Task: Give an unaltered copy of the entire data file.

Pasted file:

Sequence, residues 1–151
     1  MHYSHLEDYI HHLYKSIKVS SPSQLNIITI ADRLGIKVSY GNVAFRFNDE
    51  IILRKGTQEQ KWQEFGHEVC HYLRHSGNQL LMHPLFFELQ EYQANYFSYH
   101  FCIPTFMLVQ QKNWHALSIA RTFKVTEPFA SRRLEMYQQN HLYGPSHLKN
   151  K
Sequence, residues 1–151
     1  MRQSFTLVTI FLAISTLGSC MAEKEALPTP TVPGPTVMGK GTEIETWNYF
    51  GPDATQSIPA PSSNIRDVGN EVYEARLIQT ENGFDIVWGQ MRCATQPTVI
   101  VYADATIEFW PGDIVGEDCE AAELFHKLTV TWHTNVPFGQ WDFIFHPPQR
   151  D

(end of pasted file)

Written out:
Sequence, residues 1–151
     1  MHYSHLEDYI HHLYKSIKVS SPSQLNIITI ADRLGIKVSY GNVAFRFNDE
    51  IILRKGTQEQ KWQEFGHEVC HYLRHSGNQL LMHPLFFELQ EYQANYFSYH
   101  FCIPTFMLVQ QKNWHALSIA RTFKVTEPFA SRRLEMYQQN HLYGPSHLKN
   151  K
Sequence, residues 1–151
     1  MRQSFTLVTI FLAISTLGSC MAEKEALPTP TVPGPTVMGK GTEIETWNYF
    51  GPDATQSIPA PSSNIRDVGN EVYEARLIQT ENGFDIVWGQ MRCATQPTVI
   101  VYADATIEFW PGDIVGEDCE AAELFHKLTV TWHTNVPFGQ WDFIFHPPQR
   151  D